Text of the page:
Privacy Panels, designed by Studio Other (formerly Tangram Studio), to help ease the transition to office work
With America’s re-opening continuing apace, design energy has turned toward figuring out which and how everyday spaces like offices, schools, and restaurants are set to change. Taking a typological approach, designers and researchers are investigating how the existing built environment might be retrofit for post-pandemic use and what those changes might entail from a design perspective. Additionally, as economic losses continue to mount as the pandemic continues to kill thousands by the week, attention has begun to turn to how any potential economic recovery can be designed to benefit the greatest number of people.
This is weekly article update helps collect some of the top economic- and business-related aspects of the COVID-19 situation each week as reported by Archinect in an effort to help design professionals connect the dots between various macro-and micro-economic trends currently impacting the field. Be sure to click “follow” at the top of this article to track updates here! To get notified about all new related articles, be sure to follow the “
May 1, 2020: As states around the country begin to plan for easing widespread quarantine measures, authorities in New York City have begun re-opening the city’s construction sites. Widespread, but not total, work stoppages there were recently lifted and now over 5,200 construction projects are underway once again, with enhanced social distancing measures being observed. In addition, as people return to their places of work and other seemingly abandoned buildings come back online, special precautions will need to be taken to prevent outbreaks of new ailments, including Legionnaires disease.
April 24, 2020: The American Institute of Architecture published its latest Architecture Billings Index survey this week showing that the demand for design services fell remarkably in March. In addition, the federal government passed the fourth emergency economic aid package tied to the COVID-19 crisis, bringing an additional $320 billion in funding to the beleaguered Paycheck Protection Program (PPP) and $10 billion to the emergency Economic Injury Disaster Loan Program (EIDL). Archinect released survey results from our own PPP-related survey, which showed that a large majority of the firms that have attempted to access emergency aid have been unsuccessful so far.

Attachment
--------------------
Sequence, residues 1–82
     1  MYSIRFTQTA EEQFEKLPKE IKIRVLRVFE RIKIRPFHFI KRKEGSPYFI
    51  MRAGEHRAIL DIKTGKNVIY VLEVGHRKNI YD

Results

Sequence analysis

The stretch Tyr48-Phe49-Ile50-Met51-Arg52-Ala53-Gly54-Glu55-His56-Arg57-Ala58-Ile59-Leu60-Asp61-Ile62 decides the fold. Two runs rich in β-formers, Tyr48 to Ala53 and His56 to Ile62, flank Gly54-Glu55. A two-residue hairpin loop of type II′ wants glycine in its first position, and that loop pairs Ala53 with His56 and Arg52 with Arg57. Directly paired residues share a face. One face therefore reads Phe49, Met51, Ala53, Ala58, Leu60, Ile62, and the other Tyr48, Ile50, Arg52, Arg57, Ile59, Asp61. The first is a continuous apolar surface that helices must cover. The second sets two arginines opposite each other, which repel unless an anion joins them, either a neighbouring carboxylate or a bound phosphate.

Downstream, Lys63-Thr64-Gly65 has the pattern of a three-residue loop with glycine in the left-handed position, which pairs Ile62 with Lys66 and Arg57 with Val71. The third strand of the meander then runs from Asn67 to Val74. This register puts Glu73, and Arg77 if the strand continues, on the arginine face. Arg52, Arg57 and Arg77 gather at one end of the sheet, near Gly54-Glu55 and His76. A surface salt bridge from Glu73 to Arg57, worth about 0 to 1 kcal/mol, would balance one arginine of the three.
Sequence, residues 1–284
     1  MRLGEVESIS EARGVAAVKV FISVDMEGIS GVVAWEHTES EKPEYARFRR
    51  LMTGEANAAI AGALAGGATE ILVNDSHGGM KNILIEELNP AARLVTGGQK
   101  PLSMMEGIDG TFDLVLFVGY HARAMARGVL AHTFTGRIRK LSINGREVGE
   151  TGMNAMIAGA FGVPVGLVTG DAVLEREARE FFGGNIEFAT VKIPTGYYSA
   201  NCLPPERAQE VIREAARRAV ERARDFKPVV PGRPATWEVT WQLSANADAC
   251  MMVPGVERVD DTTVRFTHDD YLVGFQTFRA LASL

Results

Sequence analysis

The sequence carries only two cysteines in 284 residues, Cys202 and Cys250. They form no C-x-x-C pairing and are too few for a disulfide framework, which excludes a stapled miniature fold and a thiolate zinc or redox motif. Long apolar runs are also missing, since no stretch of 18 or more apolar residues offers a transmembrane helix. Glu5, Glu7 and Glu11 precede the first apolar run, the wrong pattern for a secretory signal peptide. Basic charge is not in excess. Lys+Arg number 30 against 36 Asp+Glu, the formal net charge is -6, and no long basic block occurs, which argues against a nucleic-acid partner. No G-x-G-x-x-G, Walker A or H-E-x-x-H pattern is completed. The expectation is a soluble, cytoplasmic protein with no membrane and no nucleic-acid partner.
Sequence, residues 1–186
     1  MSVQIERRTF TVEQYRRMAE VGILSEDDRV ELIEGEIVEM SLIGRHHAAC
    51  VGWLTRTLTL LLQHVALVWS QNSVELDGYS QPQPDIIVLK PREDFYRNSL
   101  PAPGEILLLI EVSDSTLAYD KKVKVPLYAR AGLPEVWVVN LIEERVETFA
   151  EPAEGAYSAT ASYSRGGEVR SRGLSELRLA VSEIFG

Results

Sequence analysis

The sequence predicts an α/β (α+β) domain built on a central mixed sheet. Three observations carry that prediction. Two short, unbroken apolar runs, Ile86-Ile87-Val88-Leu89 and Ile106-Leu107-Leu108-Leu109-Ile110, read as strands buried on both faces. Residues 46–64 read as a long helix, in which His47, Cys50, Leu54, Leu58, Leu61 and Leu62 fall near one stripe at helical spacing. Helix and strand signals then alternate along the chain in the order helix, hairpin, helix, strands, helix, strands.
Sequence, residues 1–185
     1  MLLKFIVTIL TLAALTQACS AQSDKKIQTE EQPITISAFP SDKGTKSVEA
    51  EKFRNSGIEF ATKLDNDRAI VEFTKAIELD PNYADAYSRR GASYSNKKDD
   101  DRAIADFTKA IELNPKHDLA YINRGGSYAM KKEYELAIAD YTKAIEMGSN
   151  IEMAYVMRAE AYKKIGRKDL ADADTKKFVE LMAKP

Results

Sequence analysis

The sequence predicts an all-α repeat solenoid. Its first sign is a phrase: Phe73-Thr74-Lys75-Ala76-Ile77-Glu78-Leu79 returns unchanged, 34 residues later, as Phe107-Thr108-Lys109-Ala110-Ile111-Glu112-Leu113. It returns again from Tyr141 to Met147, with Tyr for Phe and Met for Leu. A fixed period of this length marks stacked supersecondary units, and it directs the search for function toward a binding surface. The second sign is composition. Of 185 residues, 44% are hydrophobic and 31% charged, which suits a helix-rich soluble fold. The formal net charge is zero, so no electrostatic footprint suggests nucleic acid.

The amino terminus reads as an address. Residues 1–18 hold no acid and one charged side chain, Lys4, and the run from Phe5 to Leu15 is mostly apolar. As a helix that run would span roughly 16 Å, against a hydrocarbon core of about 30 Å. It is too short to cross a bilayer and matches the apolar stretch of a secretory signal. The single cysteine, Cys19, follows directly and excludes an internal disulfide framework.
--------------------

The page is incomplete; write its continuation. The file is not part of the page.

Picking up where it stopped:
April 17, 2020: As Americans enter the second month of the COVID-19 crisis, the troubling economic picture resulting from the societal shut-down put in place to limit the spread of the disease has begun to come into fuller relief. This week, as American small businesses hustled to submit their applications for emergency loans from the federal government to help keep their businesses afloat, it was announced that the funds available for these purposes had already run out. In addition, new economic reporting on the state of the American housing construction industry, coupled with a survey released by the American Institute of Architects gauging the sentiment of residential architecture firms, portrays a grim near-term future for this section of the economy.
April 9, 2020: Last week, the lending institutions began accepting applications for financial help related to the recently passed $2 trillion CARES COVID-19 economic rescue package. This week, architects around the country are working to access those funds while also attempting to find other ways to stem the losses from the economic downturn that has taken shape as the scale COVID-19 crisis has grown. At the local level, states like Florida and California have continued with strategic investments aimed at maintaining some economic momentum while talk of an additional economic package has taken shape in Washington, D.C.